Documents considered by the Committee on 13 July 2016 Contents

4European Pillar of Social Rights

Committee’s assessment

Politically important

Committee’s decision

Not cleared from scrutiny; further information requested; drawn to the attention of the Business, Innovation and Skills Committee, Education Committee, Health Committee, Women and Equalities Committee and Work and Pensions Committee

Document details

Commission Communication — Launching a consultation on a European Pillar of Social Rights

Legal base

Department

Business, Innovation and Skills

Document Numbers

(37614), 7276/16 + ADDs 1–3, COM(16) 127

Summary and Committee’s conclusions

4.1The Commission’s Communication launched a consultation on the social dimension of the single currency. The objective is to draw up a “Pillar of Social Rights” applicable to the Eurozone states and any other EU Member States that wish to participate on a voluntary basis. At the same time, the consultation may highlight legislative changes that would be desirable for the EU as a whole and for non-EU members of the European Economic Area, to which elements of the social acquis (body of EU law) apply.

4.2When the Committee considered the Commission Communication at its meeting of 20 April, the Committee retained the Communication under scrutiny and sought the Government’s view on the objectives of the consultation and on its planned engagement with the Commission. The Committee brought the Communication to the attention of various Departmental Select Committees given its cross-cutting nature.

4.3The Minister for Skills, (Nick Boles), has since written to the Committee on 10 May and 9 June. In his first letter, he acknowledged that the consultation has the potential to include a number of policies of interest to the UK Government. He also thanked the Committee for bringing the consultation to the attention of other Parliamentary Committees and he explained that the Government is engaging with the Devolved Administrations. He promised to inform relevant Parliamentary Committees of any UK response to the consultation. The Minister went on to remind the Committee of the economic governance safeguards secured by the Government in its now obsolete re-negotiation of the UK’s relationship with the EU.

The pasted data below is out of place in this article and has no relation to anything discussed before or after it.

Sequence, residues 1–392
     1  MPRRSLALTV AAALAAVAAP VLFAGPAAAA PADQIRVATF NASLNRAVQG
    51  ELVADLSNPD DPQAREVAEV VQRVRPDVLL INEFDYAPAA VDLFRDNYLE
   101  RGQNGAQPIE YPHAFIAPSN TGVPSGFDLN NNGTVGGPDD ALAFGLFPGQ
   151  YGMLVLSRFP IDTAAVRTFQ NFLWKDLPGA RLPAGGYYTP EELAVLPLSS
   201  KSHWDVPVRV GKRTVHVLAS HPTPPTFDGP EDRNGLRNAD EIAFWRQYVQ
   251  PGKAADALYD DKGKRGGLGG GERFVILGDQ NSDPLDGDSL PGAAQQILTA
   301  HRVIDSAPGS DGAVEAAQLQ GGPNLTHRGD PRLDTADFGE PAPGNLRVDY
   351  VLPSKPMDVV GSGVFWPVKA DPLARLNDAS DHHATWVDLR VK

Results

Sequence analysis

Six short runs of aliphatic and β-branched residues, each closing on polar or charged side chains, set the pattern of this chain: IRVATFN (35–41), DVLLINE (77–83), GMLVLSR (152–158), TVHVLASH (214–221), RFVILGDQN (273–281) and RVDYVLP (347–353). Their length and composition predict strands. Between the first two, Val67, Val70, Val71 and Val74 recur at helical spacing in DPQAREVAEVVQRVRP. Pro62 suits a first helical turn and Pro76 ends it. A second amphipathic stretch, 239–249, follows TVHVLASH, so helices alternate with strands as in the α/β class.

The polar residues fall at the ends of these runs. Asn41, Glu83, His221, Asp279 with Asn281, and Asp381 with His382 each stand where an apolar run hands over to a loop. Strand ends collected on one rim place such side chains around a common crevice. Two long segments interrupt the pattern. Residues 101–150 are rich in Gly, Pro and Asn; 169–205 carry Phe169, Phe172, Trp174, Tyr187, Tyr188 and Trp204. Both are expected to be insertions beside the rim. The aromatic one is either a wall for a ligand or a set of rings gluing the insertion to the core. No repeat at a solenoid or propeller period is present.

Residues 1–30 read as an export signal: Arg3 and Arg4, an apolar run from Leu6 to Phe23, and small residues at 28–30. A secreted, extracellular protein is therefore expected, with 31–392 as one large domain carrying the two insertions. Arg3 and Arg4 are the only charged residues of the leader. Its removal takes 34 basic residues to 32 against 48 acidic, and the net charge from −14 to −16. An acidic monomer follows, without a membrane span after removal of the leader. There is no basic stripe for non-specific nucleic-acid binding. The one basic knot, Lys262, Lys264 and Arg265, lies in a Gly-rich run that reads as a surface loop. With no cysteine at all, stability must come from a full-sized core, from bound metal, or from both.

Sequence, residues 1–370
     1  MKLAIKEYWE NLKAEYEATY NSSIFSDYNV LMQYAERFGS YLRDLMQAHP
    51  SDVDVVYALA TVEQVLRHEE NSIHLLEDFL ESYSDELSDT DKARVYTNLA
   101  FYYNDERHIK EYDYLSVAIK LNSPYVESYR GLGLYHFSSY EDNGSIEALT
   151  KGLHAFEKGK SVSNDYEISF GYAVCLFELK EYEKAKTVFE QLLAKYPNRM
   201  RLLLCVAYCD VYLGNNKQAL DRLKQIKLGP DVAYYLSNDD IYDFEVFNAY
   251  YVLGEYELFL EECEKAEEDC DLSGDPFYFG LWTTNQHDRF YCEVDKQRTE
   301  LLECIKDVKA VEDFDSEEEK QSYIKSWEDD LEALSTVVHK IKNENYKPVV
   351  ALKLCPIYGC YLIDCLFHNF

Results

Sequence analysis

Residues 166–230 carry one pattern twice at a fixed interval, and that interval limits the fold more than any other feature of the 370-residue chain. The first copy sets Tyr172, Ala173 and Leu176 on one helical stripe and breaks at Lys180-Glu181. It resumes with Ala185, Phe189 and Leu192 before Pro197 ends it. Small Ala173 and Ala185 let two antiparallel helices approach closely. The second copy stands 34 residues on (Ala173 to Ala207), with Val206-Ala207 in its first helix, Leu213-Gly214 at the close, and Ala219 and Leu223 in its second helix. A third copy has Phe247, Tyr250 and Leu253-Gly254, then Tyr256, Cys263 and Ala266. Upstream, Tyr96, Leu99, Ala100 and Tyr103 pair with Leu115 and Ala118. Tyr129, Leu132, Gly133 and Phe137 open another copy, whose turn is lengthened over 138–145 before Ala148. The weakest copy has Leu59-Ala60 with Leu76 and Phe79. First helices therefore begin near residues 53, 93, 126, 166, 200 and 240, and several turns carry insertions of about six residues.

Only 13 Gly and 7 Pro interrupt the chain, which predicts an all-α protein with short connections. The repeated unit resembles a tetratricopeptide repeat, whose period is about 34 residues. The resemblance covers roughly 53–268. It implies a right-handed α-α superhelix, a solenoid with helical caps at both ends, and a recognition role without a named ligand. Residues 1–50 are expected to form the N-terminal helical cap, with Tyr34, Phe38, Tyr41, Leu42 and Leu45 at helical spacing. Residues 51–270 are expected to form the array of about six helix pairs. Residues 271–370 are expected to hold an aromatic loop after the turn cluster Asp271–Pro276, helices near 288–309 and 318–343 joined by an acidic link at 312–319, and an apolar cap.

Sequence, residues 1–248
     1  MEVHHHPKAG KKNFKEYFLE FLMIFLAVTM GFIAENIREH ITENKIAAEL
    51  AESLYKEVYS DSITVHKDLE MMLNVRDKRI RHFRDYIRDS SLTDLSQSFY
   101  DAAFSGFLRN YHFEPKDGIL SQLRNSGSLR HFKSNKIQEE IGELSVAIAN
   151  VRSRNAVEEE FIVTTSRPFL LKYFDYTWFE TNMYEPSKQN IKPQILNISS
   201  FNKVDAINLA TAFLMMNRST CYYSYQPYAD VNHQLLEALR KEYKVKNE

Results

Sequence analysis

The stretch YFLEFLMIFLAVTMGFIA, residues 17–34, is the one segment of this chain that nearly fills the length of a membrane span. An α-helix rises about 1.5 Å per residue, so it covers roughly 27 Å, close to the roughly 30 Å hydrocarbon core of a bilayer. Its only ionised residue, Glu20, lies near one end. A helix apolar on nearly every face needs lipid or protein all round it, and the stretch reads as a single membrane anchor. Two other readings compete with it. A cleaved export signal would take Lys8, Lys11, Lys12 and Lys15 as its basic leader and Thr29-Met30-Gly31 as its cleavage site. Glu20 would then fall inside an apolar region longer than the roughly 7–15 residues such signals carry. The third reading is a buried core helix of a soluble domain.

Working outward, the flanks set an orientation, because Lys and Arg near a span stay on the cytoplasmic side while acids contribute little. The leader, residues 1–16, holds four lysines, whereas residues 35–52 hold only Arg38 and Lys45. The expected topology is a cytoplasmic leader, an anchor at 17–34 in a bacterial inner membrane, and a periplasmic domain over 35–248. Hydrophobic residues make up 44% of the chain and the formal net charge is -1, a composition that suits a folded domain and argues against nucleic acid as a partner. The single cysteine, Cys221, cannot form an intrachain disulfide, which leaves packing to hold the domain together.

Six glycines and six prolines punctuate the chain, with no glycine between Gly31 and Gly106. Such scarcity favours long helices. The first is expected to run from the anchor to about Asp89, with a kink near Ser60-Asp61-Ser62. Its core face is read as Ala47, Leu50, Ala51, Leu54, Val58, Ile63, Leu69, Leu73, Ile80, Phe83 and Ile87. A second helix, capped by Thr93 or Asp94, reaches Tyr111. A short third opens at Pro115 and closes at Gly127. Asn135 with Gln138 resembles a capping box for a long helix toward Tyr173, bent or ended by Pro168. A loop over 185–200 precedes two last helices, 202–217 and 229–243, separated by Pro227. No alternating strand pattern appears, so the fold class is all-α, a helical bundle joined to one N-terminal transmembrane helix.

4.4In his most recent letter, the Minister recognises concerns about the potential for future legislative change that might affect the EU as a whole. He goes on to explain that the Government will take time to analyse the proposals in full and that he will keep the Committee informed of any response to the consultation. The Government will raise with the Commission the Committee’s query about the legal form of the Social Pillar.

4.5Since the Minister wrote, the UK has voted to leave the European Union. The context in which this consultation must be considered has therefore fundamentally changed. The consultation’s degree of relevance depends on the nature of the UK’s relationship with the EU once it has withdrawn. While the terms of that relationship are unknown, some desire has been expressed—in debates in this House following the Referendum—for the UK to retain access to the single market. EU social legislation initially evolved in order to complete the single market. Indeed, several measures that form part of the social acquis rely on an internal market legal base. These include the Posting of Workers Directive9 and the Collective Redundancies Directive.10 Social policy is included as one of the single market “flanking measures” in the European Economic Area Agreement.